impound

verb
im·​pound | \ im-ˈpau̇nd How to pronounce impound (audio) \
impounded; impounding; impounds

Definition of impound

transitive verb

1a : to shut up in or as if in a pound : confine
b : to seize and hold in the custody of the law
c : to take possession of she was dismissed and her manuscript impounded— Jonathan Weiner
2 : to collect and confine (water) in or as if in a reservoir

Examples of impound in a Sentence

The police impounded her car because it was illegally parked. impound evidence for a trial
Recent Examples on the Web The project would impound up to three-fourths of the flows of Bear River, the Great Salt Lake’s primary source of inflows. Brian Maffly, The Salt Lake Tribune, 1 Nov. 2021 While inactive, the dam continues to impound water during high water periods, which can cause downstream flooding. BostonGlobe.com, 8 Sep. 2021 State marshals were preparing to remove and impound vehicles and appliances on the property, Sullivan said. Jesse Leavenworth, courant.com, 30 July 2021 Troopers could then reroute vehicles back to their point of origin or impound them. David Aaro, Fox News, 27 Aug. 2021 The lawsuit was filed on behalf of six Republican voters who wanted Parker to decertify Michigan’s results and impound voting machines. Ed White, Anchorage Daily News, 26 Aug. 2021 The lawsuit was filed on behalf of six Republican voters who wanted Parker to decertify Michigan’s results and impound voting machines. Arkansas Online, 26 Aug. 2021 Troopers could then reroute vehicles back to their point of origin or impound them. David Aaro, Fox News, 27 Aug. 2021 The lawsuit was filed on behalf of six Republican voters who wanted Ms. Parker to decertify Michigan’s results and impound voting machines. Ed White, The Christian Science Monitor, 26 Aug. 2021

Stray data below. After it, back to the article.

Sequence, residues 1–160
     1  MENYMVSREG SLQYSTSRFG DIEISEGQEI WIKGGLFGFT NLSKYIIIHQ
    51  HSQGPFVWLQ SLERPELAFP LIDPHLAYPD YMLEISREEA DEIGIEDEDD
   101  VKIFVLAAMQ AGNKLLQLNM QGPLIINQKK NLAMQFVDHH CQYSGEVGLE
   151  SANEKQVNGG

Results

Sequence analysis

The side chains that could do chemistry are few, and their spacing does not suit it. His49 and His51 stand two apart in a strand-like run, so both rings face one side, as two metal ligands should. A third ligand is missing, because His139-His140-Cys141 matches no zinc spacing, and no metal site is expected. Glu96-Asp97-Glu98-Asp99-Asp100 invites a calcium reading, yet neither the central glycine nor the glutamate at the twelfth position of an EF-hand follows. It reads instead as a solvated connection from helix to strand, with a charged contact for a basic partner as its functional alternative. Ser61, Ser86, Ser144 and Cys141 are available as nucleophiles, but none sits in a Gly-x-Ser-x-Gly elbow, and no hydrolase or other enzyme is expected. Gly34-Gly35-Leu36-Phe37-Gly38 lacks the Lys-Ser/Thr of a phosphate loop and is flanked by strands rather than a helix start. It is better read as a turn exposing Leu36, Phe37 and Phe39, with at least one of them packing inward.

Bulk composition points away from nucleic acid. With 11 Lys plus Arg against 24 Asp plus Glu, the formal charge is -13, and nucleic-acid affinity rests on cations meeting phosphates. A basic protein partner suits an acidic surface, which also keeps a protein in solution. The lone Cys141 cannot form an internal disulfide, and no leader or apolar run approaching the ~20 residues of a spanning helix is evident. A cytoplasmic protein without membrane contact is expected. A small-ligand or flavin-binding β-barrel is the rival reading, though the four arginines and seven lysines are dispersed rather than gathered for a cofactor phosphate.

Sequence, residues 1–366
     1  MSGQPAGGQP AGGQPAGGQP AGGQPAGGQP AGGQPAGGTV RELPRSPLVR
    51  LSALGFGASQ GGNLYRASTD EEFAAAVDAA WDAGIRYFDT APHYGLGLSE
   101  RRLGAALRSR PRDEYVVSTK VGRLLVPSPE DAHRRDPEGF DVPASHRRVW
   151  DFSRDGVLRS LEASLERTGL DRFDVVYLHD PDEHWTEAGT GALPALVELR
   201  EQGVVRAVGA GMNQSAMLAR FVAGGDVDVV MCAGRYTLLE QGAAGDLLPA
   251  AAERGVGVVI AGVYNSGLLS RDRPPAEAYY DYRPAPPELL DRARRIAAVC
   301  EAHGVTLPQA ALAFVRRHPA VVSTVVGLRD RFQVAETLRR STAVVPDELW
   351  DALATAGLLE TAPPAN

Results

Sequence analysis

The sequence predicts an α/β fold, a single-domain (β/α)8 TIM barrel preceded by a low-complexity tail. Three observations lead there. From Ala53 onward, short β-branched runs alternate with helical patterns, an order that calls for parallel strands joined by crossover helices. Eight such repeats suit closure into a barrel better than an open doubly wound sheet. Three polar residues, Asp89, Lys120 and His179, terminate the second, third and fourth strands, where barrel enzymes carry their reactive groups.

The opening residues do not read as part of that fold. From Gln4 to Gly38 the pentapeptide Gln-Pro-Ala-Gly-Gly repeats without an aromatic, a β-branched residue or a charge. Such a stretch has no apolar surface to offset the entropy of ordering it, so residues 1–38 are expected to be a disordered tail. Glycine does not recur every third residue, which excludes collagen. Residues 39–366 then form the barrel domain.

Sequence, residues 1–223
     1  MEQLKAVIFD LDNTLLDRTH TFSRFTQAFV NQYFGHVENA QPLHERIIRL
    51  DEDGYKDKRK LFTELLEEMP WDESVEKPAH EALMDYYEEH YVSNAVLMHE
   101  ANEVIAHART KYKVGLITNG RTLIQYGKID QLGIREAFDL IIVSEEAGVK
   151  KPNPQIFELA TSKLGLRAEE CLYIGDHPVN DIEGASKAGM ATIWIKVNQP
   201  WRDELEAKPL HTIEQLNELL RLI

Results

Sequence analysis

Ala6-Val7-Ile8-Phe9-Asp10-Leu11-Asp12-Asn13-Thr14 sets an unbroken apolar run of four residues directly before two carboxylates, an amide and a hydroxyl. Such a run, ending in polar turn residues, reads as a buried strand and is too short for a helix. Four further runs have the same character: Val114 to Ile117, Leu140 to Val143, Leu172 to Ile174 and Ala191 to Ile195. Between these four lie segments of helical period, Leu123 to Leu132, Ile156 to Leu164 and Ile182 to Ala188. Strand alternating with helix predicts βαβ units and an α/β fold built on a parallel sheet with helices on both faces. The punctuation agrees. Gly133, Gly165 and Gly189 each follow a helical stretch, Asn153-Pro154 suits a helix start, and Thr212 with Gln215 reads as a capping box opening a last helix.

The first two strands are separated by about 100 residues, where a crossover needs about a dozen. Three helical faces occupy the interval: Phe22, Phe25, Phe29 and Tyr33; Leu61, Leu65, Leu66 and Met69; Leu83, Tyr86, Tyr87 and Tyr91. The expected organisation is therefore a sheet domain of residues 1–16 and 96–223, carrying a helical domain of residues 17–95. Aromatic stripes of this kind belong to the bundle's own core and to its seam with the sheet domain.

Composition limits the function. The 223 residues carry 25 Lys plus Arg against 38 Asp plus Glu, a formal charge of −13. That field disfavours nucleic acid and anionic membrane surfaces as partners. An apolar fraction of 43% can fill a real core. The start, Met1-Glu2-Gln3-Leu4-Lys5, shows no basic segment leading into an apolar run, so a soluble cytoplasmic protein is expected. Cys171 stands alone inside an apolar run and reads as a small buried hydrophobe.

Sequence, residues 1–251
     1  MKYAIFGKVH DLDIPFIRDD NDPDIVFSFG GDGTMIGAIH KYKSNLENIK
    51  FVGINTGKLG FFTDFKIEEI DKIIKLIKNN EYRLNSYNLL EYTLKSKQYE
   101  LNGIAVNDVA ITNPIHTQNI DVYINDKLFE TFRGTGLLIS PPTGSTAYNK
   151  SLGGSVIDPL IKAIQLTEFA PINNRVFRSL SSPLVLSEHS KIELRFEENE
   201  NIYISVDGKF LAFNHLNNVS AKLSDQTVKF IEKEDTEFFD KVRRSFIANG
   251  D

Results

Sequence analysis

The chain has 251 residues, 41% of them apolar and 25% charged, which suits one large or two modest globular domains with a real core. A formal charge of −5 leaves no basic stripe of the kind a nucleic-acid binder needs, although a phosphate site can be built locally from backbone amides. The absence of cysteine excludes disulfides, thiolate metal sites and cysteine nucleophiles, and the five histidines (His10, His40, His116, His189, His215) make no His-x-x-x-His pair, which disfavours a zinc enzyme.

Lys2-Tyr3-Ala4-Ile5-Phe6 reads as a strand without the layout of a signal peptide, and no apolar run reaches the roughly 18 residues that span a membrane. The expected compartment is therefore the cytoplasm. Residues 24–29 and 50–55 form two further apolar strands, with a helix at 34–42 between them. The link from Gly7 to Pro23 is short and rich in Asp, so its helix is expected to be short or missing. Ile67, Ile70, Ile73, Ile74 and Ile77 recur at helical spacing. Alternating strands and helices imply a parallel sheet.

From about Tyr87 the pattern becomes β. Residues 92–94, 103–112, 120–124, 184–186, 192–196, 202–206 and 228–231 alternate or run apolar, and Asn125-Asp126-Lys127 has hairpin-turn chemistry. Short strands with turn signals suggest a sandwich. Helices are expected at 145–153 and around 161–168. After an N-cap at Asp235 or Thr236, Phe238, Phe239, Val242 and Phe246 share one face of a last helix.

These example sentences are selected automatically from various online news sources to reflect current usage of the word 'impound.' Views expressed in the examples do not represent the opinion of Merriam-Webster or its editors. Send us feedback.

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First Known Use of impound

15th century, in the meaning defined at sense 1a

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Time Traveler for impound

Time Traveler

The first known use of impound was in the 15th century

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Dictionary Entries Near impound

impotentness

impound

impoundable

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Statistics for impound

Cite this Entry

“Impound.” Merriam-Webster.com Dictionary, Merriam-Webster, https://www.merriam-webster.com/dictionary/impound. Accessed 18 Jan. 2022.

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More Definitions for impound

impound

verb

English Language Learners Definition of impound

: to use legal powers to get and hold (something)

impound

verb
im·​pound | \ im-ˈpau̇nd How to pronounce impound (audio) \
impounded; impounding

Kids Definition of impound

: to shut up in or as if in an enclosed place impound cattle

impound

transitive verb
im·​pound | \ im-ˈpau̇nd How to pronounce impound (audio) \

Legal Definition of impound

: to take control of in the custody of the law or by legal authority impound a vehicle the police impounded the dwelling until the search warrant was obtained

Other Words from impound

impoundment noun

More from Merriam-Webster on impound

Thesaurus: All synonyms and antonyms for impound

Nglish: Translation of impound for Spanish Speakers

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